Should I Buy New Equipment Before I Sell my Business?

Jacob Orosz Portrait
by Jacob Orosz (President of Morgan & Westfield)

Executive Summary

Should I buy new equipment before I sell my business?

As a general rule, you should not invest in new equipment or other hard assets when you are in the process of selling your business unless it immediately increases your SDE (seller’s discretionary earnings) or EBITDA.


Because you are unlikely to recoup your investment.

Buyers value businesses based on the cash flow (SDE, EBITDA) they generate. If the new equipment does not increase your cash flow, it likely won’t pay for itself.

While the buyer may appreciate the shiny new equipment, they are unlikely to assign enough value to it to justify your purchase of it. If the buyer is considering two similar businesses at the outset, the age and condition of the equipment are a small part of many factors they take into consideration. At the same time, the cash flow the business generates always trumps everything else, and buyers are always attracted to businesses with higher cash flow.

What an Investment in Equipment Has To Do with the Process of Selling a Business

To illustrate this point, let’s break the process of selling a business down into steps.

When selling your business, there are two main steps when dealing with buyers:

Step 1 – Attracting Buyers

This first step involves confidentially marketing your business for sale and responding to buyers who request additional information. At the outset, buyers consider a limited amount of criteria when initially evaluating your business. At this stage, their main criterion is the profitability of the business they are considering.

Few will take into consideration the investments you have made in new equipment or other capital assets at this stage in the transaction. In other words, investing in new equipment is unlikely to produce a higher response to our marketing campaigns. At this stage, the buyer’s decision focuses on just a few criteria — your multiple (asking price vs. cash flow), your competitive advantage, your growth rate, and perhaps a few other industry-specific measures.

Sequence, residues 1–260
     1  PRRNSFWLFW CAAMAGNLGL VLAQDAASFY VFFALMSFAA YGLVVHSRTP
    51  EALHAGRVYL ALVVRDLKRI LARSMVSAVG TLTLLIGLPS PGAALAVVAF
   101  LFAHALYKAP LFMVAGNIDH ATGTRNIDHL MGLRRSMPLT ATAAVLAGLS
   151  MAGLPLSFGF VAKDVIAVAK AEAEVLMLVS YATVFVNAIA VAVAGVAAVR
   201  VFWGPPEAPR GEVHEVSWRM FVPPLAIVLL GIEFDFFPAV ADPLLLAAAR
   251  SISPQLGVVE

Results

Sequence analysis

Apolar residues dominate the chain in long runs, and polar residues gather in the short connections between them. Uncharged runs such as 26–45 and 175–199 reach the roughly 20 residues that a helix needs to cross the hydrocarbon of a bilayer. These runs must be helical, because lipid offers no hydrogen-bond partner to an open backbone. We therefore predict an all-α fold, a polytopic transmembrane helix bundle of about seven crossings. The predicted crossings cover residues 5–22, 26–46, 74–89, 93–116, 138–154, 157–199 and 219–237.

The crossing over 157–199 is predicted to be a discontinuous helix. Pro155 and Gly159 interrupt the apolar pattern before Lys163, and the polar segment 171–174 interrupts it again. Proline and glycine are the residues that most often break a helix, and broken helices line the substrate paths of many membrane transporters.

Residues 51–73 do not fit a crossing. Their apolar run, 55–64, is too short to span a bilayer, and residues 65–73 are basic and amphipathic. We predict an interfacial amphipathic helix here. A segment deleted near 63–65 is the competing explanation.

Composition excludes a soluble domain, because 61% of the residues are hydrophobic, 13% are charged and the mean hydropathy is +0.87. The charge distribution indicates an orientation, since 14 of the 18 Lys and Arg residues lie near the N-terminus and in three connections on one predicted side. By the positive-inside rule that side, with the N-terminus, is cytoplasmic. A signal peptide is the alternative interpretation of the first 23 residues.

Step 2 – Convincing Buyers

After we have attracted the buyer and they have responded, we must now convince them to buy. The buyer will now consider a broader range of criteria once they are closely inspecting your business. Part of this criteria is the current condition of your equipment. If a buyer doesn’t make it to this stage, then your investment in new equipment is moot.

The Importance of Cash Flow

Buyers’ main criterion for buying a business is cash flow or profitability. Anything you can do to increase the cash flow of your business will have the most significant impact on the salability and value of your business. As a result, you should only buy new equipment if it immediately increases your cash flow.

There are two ways to increase cash flow:

  • Increases in revenue. If the equipment immediately increases your revenue without having to market or sell a new service, you should perform a calculation to see if the investment in the new equipment and the resulting increase in cash flow will have a positive ROI for you. This will not be true in the majority of cases.
  • Decreases in expenses. If the equipment immediately reduces labor or other costs, it may be a wise investment. If the new equipment will increase the profitability of your business by more than the cost of the equipment, it makes sense to purchase the equipment. The reverse is also true — if the new equipment will not increase the profitability of your business by more than the cost of the equipment, it does not make sense to make the purchase. To calculate how much the new equipment will increase the profitability of your business, simply multiply how much the equipment will reduce labor costs and, therefore, increase your EBITDA, and then apply your multiple. For example, if the equipment will reduce labor costs by $100,000 per year, and your multiple is 4.0, then the equipment will increase the value of your business by $400,000.


If the new piece of equipment would simply be nice to have, or if it represents a new product or service line you could pursue, we recommend holding off on this investment. Point out the opportunity to the buyer and let them decide if this is something they want to pursue, and let them make the investment.